The discipline of silence consists in the practice of abstaining, for significant periods of time, from noise and from talking. We step aside from them to allow development of attitudes and habits that can constantly hold us, with thankful hearts, in the loving presence of God.

Article continues below

Silence can be cultivated in many ways. For the novice, it is helpful to experience a retreat center, where the practice of silence is understood and accommodated. Then, families blessed with similar inclinations may practice silence in community at home. Silence must never be imposed, but practicing it together in a loving atmosphere is incredibly enriching and rewarding. As we progress in our habits and understanding of how silence works, the exercise of this discipline will depend less and less on circumstances. We will always need to return periodically to concentrated forms of the practice such as we have in a retreat center or other special arrangement. Even in a retreat or escape, though, the aim is to establish silence in the soul, a nourishing and sustaining reality.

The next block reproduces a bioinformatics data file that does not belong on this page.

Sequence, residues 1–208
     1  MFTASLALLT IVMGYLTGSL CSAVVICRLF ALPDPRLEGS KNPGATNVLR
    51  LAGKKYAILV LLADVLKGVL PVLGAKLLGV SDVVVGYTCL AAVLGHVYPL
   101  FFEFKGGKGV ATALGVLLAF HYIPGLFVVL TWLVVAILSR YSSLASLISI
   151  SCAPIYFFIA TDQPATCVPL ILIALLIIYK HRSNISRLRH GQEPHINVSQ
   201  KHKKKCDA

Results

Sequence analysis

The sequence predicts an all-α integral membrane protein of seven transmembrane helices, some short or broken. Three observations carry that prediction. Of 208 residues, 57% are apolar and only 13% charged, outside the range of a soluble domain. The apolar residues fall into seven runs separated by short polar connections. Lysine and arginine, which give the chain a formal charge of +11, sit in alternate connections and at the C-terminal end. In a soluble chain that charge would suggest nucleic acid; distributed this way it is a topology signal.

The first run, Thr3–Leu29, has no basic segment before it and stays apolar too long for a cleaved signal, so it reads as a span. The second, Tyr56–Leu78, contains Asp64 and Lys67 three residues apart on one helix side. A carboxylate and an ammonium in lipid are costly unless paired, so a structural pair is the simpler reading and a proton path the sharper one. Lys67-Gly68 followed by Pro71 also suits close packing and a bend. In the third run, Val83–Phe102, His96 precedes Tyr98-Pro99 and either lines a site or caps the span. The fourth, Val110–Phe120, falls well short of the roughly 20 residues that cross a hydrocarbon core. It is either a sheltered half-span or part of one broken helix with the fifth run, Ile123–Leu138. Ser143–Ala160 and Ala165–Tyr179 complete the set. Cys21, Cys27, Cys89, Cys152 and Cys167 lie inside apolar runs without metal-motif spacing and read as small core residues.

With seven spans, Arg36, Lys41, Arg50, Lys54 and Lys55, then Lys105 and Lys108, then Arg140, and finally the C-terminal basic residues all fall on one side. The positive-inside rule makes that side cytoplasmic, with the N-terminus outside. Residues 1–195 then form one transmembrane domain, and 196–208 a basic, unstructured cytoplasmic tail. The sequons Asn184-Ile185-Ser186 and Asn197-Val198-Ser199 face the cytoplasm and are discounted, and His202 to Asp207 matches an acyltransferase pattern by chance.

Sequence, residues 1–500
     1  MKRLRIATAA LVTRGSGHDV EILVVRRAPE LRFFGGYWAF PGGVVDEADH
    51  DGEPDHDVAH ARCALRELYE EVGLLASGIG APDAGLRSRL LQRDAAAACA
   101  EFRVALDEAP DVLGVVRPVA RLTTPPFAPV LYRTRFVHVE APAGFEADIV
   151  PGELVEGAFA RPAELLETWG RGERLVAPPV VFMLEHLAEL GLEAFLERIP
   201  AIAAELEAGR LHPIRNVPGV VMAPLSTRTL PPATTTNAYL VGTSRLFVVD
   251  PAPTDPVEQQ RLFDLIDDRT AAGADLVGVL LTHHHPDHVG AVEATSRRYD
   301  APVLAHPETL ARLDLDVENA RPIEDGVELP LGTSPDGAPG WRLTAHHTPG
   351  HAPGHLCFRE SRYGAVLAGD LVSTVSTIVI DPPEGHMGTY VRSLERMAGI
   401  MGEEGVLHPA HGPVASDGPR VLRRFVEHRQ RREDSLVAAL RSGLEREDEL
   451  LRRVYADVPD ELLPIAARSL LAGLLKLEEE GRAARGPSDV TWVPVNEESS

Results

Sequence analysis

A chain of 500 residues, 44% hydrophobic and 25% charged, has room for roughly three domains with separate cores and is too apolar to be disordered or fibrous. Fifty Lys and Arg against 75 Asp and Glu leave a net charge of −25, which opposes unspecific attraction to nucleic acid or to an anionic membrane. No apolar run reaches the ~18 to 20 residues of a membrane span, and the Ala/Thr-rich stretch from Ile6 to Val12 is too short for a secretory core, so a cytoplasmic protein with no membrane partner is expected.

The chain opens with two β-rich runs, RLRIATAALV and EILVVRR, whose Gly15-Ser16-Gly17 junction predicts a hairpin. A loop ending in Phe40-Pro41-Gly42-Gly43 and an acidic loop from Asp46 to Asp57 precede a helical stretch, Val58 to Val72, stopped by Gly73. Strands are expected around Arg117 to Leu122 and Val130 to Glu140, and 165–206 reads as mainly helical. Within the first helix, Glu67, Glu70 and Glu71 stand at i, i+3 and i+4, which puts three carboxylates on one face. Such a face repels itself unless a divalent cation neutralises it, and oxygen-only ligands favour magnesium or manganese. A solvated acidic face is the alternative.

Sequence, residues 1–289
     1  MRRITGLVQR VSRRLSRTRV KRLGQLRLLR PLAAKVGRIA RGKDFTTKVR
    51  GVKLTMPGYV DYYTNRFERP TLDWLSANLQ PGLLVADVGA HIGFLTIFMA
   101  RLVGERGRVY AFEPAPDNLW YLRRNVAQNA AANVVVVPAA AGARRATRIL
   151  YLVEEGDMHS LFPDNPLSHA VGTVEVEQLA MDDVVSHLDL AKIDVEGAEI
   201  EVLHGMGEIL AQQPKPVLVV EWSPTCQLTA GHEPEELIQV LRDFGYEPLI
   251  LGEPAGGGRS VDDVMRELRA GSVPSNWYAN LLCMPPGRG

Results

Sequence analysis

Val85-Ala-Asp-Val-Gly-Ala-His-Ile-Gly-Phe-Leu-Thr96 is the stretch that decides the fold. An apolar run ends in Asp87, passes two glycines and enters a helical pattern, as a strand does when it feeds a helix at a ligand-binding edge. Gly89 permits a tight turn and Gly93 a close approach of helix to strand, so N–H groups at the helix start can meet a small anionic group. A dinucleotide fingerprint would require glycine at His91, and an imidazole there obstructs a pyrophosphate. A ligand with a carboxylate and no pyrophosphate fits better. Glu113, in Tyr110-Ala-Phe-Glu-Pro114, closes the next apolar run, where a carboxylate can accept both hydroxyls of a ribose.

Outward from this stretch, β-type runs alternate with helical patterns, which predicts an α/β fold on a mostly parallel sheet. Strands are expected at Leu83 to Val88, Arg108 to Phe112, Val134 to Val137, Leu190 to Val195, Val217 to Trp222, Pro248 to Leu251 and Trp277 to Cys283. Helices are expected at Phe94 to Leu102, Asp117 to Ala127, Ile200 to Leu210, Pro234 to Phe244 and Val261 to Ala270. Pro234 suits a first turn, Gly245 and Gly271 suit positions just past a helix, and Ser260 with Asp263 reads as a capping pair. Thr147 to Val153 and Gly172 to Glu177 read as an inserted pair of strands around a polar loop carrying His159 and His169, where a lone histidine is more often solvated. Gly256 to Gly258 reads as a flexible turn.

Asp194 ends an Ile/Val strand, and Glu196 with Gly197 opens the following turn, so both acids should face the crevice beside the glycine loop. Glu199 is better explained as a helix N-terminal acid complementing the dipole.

Silence well practiced opens a living space in which we can be effectively attentive to God, to our own souls, and to the genuine needs of those around us. The apostle Paul directs us, "Let no unwholesome word proceed from your mouth, but only such a word as is good for edification according to the need of the moment, so that it will give grace to those who hear" (Eph. 4:29, NASB). James says, "If anyone does not stumble in what he says, he is a perfect man" (3:2). One cannot be like that by trying.

However, one can become the kind of person who is like that. A wise and seasoned practice of silence does much to bring it about.

It is up to us to choose silence and other practices of spiritual discipline that enable us to "grow in the grace and knowledge of our Lord and Savior Jesus Christ" (2 Pet. 3:18). The discipline of silence has substantially advanced multitudes in that "grace and knowledge."

Have something to add about this? See something we missed? Share your feedback here.